My first diagnosis was muscular damage in the regions of C3 and C4. This took years to fix. Soft tissue damage is very slow to heal and often triggers unhealthy cycles of overcompensating muscles. I wore a jacket several times a week that sent electrical shock pulses to try and strengthen these muscles. I did therapy, acupuncture and took painful cortisone injections to the base of my skull where I could actually hear the long needle going into my head. Mind you I don't usually have any problems with needles but these were different, medical shive is more like it. This cycle of muscle weakness caused headaches the crept up from the back of my head and over the top to my forehead. I called them headache caps but I couldn’t take them off.
These headache caps were nothing compared to the post concussive headaches from what my neurologist told me was a Mild Traumatic Brain Injury, an MBTI. He admitted “mild” was not a fair word. It basically meant that I didn’t need to go into an institution. MBTI’s are receiving more medical research with more soldiers coming home from Iraq and Afghanistan with them. Not certain if they issue Purple Hearts for them. If not, they should for any person with an MBTI will tell you they’d have rather broken their arms and legs. Bones heal faster than brains and muscles.
For a few months I couldn’t read anything more than a headline, couldn’t follow movie plots, couldn’t even cook soup because I’d forget about it until I smelled the scalding pan. I think one of the saddest things happened six months after the accident. I went to my daughter’s spring recital. I managed to sit through it and tell her she did a great job. Then I raced home to throw up and get ready for the pending headache hell. Watching a group of beautiful first graders sing was too much for my brain to manage. I couldn’t watch snowfall with out tossing my cookies and going to bed for hours with a headache. For several years, nausea was a major indicator that a headache was on its way. So I left little parts of me all over town as I raced to get home before completely incapacitated.
That’s my story. Months later my dear friend Ken of 21 years asked me, “What have you learned?” He wasn’t patronizing. He was curious and sincere. And, he was the only one to ask.
When in chronic pain with two to three serious post-concussive headaches a week and most your time either in bed, at various doctors appointments, or some kind of therapy, you don’t spend much time reflecting. And, depression creeps in as you lose the capacity to do the things that once gave you joy. I’ve always felt reflection is critical to a healthy life so I answered Ken’s question. Follows is roughly what I wrote and I think much of it pertains to living in and having a deep appreciation for present.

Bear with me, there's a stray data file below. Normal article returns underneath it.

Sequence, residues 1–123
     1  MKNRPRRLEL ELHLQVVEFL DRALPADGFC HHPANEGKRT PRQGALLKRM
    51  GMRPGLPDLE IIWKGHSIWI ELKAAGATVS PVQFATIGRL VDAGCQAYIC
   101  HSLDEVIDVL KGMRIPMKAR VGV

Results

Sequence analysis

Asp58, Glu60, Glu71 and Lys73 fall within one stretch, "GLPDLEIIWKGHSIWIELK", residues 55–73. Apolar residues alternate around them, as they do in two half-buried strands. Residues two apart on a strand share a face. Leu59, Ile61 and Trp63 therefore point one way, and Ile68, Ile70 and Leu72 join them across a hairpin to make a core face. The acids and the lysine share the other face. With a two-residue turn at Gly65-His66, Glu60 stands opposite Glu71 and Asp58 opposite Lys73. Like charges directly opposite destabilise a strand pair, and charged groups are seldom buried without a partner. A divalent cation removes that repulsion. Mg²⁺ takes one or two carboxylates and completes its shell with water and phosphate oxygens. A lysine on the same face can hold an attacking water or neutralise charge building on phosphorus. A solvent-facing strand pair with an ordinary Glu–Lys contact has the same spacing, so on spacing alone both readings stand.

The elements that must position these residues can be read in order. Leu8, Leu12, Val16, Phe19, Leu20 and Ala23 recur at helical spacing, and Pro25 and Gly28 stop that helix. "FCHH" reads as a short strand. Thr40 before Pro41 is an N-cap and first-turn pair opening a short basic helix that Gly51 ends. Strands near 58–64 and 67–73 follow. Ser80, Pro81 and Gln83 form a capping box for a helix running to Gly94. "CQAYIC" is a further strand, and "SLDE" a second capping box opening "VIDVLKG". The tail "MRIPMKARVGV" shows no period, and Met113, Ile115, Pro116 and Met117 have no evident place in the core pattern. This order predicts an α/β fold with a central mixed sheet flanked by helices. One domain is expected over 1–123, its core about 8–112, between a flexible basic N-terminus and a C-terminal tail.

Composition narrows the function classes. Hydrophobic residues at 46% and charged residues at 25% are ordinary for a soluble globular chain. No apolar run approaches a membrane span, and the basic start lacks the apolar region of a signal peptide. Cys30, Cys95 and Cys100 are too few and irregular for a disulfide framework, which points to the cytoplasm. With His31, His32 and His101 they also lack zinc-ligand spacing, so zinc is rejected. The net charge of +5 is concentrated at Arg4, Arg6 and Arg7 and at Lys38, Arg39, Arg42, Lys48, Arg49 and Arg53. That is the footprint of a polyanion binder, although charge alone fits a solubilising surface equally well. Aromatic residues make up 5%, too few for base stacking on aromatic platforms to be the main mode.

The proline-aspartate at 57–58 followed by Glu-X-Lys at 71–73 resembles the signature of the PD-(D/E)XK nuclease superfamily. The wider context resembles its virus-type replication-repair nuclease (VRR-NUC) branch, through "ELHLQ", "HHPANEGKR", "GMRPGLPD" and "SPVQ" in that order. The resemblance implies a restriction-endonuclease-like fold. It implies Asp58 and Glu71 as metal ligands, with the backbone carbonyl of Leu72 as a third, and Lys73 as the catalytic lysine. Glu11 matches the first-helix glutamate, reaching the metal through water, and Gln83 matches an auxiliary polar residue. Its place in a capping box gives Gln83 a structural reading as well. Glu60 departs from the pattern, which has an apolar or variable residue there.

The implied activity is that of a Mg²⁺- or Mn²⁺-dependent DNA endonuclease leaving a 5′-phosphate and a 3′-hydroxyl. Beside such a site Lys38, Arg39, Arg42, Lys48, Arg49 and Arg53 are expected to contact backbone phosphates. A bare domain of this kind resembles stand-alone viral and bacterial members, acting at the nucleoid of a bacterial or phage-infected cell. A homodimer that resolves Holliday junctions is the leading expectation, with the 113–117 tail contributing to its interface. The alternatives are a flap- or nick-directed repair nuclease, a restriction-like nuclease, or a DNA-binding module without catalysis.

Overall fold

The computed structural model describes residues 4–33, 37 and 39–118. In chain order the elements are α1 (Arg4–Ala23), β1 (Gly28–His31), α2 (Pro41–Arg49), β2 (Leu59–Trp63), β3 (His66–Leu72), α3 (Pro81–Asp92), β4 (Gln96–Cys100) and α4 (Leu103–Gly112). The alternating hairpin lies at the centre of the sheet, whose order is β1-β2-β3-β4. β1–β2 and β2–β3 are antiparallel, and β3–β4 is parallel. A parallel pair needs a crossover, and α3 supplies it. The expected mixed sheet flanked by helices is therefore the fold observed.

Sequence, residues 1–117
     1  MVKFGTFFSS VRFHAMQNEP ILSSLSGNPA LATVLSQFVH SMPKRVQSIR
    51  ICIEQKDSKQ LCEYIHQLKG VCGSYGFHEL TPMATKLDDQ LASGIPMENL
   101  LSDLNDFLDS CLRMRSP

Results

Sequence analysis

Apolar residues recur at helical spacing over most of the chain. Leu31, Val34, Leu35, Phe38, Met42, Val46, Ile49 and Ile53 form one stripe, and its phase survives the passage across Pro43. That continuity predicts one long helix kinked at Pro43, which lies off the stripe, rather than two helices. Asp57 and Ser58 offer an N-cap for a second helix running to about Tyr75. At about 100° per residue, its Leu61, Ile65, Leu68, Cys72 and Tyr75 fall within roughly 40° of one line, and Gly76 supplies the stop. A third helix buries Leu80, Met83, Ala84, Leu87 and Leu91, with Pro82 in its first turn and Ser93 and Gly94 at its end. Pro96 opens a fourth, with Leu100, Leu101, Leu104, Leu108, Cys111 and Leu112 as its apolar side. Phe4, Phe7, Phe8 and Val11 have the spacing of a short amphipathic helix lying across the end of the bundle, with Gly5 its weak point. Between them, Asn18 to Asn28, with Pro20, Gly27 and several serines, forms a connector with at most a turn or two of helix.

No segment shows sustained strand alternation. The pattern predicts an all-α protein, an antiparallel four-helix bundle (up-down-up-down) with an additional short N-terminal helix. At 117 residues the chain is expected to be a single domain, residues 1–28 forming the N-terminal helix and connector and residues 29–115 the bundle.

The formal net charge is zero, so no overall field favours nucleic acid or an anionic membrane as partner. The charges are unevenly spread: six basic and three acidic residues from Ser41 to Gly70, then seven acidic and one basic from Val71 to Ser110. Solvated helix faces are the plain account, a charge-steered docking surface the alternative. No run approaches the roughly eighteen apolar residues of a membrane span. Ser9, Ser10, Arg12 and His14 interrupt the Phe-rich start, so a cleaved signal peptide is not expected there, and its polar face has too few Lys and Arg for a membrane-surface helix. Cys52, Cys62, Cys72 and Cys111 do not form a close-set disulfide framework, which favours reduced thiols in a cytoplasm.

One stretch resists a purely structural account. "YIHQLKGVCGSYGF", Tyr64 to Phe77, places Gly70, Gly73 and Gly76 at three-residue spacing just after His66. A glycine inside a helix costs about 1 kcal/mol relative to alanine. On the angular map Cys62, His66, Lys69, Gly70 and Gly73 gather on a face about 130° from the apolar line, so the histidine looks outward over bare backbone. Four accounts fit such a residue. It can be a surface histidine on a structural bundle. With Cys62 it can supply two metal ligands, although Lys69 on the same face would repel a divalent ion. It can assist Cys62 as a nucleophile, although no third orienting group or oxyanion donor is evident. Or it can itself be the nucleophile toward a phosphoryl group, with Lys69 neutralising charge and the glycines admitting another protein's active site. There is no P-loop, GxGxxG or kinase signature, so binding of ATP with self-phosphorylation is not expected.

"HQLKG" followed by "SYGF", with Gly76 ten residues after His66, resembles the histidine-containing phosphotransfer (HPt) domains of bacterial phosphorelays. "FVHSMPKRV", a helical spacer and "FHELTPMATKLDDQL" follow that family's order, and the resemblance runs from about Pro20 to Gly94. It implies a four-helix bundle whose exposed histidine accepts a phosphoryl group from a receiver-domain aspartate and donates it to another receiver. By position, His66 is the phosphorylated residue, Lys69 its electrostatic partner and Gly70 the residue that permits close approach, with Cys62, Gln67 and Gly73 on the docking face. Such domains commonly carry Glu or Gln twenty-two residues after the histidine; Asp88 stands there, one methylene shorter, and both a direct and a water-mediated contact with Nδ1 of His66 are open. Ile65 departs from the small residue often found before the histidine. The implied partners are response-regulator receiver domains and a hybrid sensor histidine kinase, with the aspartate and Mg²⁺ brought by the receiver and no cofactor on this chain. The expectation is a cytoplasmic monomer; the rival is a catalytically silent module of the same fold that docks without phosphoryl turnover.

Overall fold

- The state of shock has no emotion and has no sense of time.
- A simple mind is not a stupid one.
- What you are today will not be who you are in a week, month, or year.
- Appreciate your health; aside from love and a safe place, nothing else really matters.
- Multi-tasking is overrated.
- What’s the rush?
- Value the everyday routine. You’ll dearly miss it when it’s gone. I cried the first time I did laundry and folded my girl’s little clothes.
- At age 36, I finally accepted that I am an adult. I’d been a responsible bill paying, tax paying, home owner and mother of two for years. However the completely selfish, adolescent whines of this 17-year-old along with his total ignorance as to what he did to another person put to rest all of my previous objections of accepting full on adulthood.
- I have an internal guidance system. It’s my voice but it’s not me and calmly directs with the simplest words of in life-threatening conditions. “Lock your arms to the steering wheel, push back into the seat, you don’t have an airbag. You’re going to roll, be small. It’s over. Get out! Get out! Get out! Go find the other driver.” My rear view mirror was level with the heating controls; all but two windows were shattered; the driver’s front side was like crumpled aluminum foil with flaking paint chips and there was this little tiny space left for the driver. I was covered in radiator fluid. The drive shaft was bent. Doctors and physical therapists cannot figure how I came through without any broken bones. I told them, “I drink milk.” I do and always have. Below is a photo of the front of the car near the driver's side.